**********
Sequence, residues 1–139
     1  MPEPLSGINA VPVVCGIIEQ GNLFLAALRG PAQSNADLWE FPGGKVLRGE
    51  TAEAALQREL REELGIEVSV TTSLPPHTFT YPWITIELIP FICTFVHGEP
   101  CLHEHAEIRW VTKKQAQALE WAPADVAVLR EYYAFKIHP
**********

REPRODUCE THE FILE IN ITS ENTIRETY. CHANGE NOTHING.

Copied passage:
Sequence, residues 1–139
     1  MPEPLSGINA VPVVCGIIEQ GNLFLAALRG PAQSNADLWE FPGGKVLRGE
    51  TAEAALQREL REELGIEVSV TTSLPPHTFT YPWITIELIP FICTFVHGEP
   101  CLHEHAEIRW VTKKQAQALE WAPADVAVLR EYYAFKIHP